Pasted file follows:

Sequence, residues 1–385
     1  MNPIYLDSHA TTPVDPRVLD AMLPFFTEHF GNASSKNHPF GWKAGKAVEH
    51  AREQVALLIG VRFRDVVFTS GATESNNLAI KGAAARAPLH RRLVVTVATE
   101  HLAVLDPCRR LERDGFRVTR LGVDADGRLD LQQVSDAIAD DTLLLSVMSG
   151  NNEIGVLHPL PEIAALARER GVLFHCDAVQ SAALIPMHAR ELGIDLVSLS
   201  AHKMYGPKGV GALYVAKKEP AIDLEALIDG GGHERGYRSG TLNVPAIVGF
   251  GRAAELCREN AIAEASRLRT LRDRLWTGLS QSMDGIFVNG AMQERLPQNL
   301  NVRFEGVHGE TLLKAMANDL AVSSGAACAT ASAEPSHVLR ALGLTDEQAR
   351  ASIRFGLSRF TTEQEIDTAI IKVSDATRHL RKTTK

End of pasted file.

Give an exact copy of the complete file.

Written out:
Sequence, residues 1–385
     1  MNPIYLDSHA TTPVDPRVLD AMLPFFTEHF GNASSKNHPF GWKAGKAVEH
    51  AREQVALLIG VRFRDVVFTS GATESNNLAI KGAAARAPLH RRLVVTVATE
   101  HLAVLDPCRR LERDGFRVTR LGVDADGRLD LQQVSDAIAD DTLLLSVMSG
   151  NNEIGVLHPL PEIAALARER GVLFHCDAVQ SAALIPMHAR ELGIDLVSLS
   201  AHKMYGPKGV GALYVAKKEP AIDLEALIDG GGHERGYRSG TLNVPAIVGF
   251  GRAAELCREN AIAEASRLRT LRDRLWTGLS QSMDGIFVNG AMQERLPQNL
   301  NVRFEGVHGE TLLKAMANDL AVSSGAACAT ASAEPSHVLR ALGLTDEQAR
   351  ASIRFGLSRF TTEQEIDTAI IKVSDATRHL RKTTK